Last year we published our defence strategic update and our force structure plan. We made a very public and clear statement about our intent to acquire nuclear powered submarines. So, we clearly outline our capability plans and our intentions, which frankly are why AUKUS is so critical given the sorts of advanced technologies and challenges that you've referred to and the challenges those technologies pose to Australia.
But I would note that countries like China, like Russia, not only have nuclear submarines, to use this example, but also nuclear weapons. That is not a capability that Australia has any intention of acquiring. We've been absolutely explicit about that. So, it is important I think to be very transparent about these things.
Jim Wilson: Okay, so with that in mind though should we be concerned China is testing technology like this?
Marise Payne: Well we would always be concerned at any actions that increase tensions and that add to a lack of security in our region or a lack of stability. We are absolutely consistent in our approach on those issues, and we will continue to be so.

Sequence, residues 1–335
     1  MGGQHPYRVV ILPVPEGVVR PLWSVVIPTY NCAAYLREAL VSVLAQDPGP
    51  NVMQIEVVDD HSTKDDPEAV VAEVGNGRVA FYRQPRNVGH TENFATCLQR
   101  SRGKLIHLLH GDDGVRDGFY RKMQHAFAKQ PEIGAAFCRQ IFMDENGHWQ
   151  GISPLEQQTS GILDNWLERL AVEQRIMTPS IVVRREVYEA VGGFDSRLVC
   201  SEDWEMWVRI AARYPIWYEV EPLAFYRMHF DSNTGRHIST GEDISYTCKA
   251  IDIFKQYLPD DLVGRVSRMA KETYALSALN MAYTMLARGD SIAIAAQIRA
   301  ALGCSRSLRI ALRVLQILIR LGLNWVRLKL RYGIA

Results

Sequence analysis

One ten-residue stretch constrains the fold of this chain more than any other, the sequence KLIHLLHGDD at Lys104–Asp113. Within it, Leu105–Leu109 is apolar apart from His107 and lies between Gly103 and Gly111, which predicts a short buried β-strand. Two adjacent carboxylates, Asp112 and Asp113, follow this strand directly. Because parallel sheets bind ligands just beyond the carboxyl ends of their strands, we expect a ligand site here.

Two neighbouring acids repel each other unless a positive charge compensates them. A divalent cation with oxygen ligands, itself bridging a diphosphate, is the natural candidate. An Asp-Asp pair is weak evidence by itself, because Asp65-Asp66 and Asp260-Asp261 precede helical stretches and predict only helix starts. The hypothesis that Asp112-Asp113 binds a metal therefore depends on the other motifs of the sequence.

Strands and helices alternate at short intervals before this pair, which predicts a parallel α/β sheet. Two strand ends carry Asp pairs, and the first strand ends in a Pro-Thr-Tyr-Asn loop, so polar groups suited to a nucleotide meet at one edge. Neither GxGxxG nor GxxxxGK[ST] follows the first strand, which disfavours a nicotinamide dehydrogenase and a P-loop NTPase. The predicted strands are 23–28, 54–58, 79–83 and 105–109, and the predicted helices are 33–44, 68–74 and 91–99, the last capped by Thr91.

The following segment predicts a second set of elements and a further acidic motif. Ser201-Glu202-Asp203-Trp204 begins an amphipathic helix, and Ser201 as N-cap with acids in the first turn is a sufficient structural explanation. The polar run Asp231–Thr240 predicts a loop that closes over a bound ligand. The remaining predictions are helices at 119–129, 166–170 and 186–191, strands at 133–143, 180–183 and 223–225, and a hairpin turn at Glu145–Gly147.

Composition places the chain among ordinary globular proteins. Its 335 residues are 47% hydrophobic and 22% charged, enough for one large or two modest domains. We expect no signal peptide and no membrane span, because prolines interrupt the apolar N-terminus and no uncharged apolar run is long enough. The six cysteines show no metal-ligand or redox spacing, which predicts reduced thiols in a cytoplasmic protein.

Jim Wilson: Before I let you go, I wanted to mention the pass of former US Secretary of State Colin Powell, who sadly passed away at the age of 84 earlier today. He's been remembered for his distinguished military career and an honourable diplomat and I'm sure you'd like to pay tribute to Colin Powell.
Marise Payne: I appreciate you raising that, Jim, because one of the most important things to remember about Secretary Powell is his strong appreciation of the value of alliances, and particularly the US alliance with Australia.
I think we all recall that he came to Australia in 2001, joining then Foreign Minister Alexander Downer and Defence counterparts for AUSMIN, which I've also spoken about on your program. It was in 2001 that we stood so closely together with the United States after the September 11 attacks.
I think at this time our thoughts are with his family and with those who have watched and admired his career over so many years.
Jim Wilson: Yeah, an extraordinary career and an extraordinary life. Thank you for your time this afternoon, Minister.
Marise Payne: Thanks very much, Jim.
Jim Wilson: That's Foreign Minister and Minister for Women Marise Payne.